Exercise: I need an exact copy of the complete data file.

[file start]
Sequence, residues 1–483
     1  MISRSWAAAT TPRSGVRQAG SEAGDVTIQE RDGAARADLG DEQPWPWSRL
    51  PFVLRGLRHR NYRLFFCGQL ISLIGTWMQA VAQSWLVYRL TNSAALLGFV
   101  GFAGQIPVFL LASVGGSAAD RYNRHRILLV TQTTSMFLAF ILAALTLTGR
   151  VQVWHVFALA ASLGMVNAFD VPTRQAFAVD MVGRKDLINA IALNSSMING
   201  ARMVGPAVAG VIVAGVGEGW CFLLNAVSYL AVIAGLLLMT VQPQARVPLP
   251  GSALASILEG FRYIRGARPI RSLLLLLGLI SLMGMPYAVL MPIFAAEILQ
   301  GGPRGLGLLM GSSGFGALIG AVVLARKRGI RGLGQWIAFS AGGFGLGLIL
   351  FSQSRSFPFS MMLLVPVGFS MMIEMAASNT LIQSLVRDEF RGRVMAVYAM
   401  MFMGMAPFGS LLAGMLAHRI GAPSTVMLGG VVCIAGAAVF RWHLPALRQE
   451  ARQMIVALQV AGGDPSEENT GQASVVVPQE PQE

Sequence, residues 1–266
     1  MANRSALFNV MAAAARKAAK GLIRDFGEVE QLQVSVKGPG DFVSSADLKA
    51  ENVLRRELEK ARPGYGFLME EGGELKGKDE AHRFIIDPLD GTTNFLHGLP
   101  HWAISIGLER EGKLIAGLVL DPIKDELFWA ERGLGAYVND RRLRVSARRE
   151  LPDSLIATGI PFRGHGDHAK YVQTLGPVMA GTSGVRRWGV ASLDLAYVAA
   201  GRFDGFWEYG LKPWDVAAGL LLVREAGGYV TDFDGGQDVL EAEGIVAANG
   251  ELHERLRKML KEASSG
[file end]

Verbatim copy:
Sequence, residues 1–483
     1  MISRSWAAAT TPRSGVRQAG SEAGDVTIQE RDGAARADLG DEQPWPWSRL
    51  PFVLRGLRHR NYRLFFCGQL ISLIGTWMQA VAQSWLVYRL TNSAALLGFV
   101  GFAGQIPVFL LASVGGSAAD RYNRHRILLV TQTTSMFLAF ILAALTLTGR
   151  VQVWHVFALA ASLGMVNAFD VPTRQAFAVD MVGRKDLINA IALNSSMING
   201  ARMVGPAVAG VIVAGVGEGW CFLLNAVSYL AVIAGLLLMT VQPQARVPLP
   251  GSALASILEG FRYIRGARPI RSLLLLLGLI SLMGMPYAVL MPIFAAEILQ
   301  GGPRGLGLLM GSSGFGALIG AVVLARKRGI RGLGQWIAFS AGGFGLGLIL
   351  FSQSRSFPFS MMLLVPVGFS MMIEMAASNT LIQSLVRDEF RGRVMAVYAM
   401  MFMGMAPFGS LLAGMLAHRI GAPSTVMLGG VVCIAGAAVF RWHLPALRQE
   451  ARQMIVALQV AGGDPSEENT GQASVVVPQE PQE

Sequence, residues 1–266
     1  MANRSALFNV MAAAARKAAK GLIRDFGEVE QLQVSVKGPG DFVSSADLKA
    51  ENVLRRELEK ARPGYGFLME EGGELKGKDE AHRFIIDPLD GTTNFLHGLP
   101  HWAISIGLER EGKLIAGLVL DPIKDELFWA ERGLGAYVND RRLRVSARRE
   151  LPDSLIATGI PFRGHGDHAK YVQTLGPVMA GTSGVRRWGV ASLDLAYVAA
   201  GRFDGFWEYG LKPWDVAAGL LLVREAGGYV TDFDGGQDVL EAEGIVAANG
   251  ELHERLRKML KEASSG